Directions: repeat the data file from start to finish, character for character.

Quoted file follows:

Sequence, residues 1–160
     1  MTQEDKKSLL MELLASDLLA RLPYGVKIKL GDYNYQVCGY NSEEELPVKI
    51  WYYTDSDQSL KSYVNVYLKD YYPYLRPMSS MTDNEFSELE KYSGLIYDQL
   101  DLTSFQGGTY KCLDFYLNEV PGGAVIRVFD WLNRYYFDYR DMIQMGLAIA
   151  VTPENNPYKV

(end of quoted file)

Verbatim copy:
Sequence, residues 1–160
     1  MTQEDKKSLL MELLASDLLA RLPYGVKIKL GDYNYQVCGY NSEEELPVKI
    51  WYYTDSDQSL KSYVNVYLKD YYPYLRPMSS MTDNEFSELE KYSGLIYDQL
   101  DLTSFQGGTY KCLDFYLNEV PGGAVIRVFD WLNRYYFDYR DMIQMGLAIA
   151  VTPENNPYKV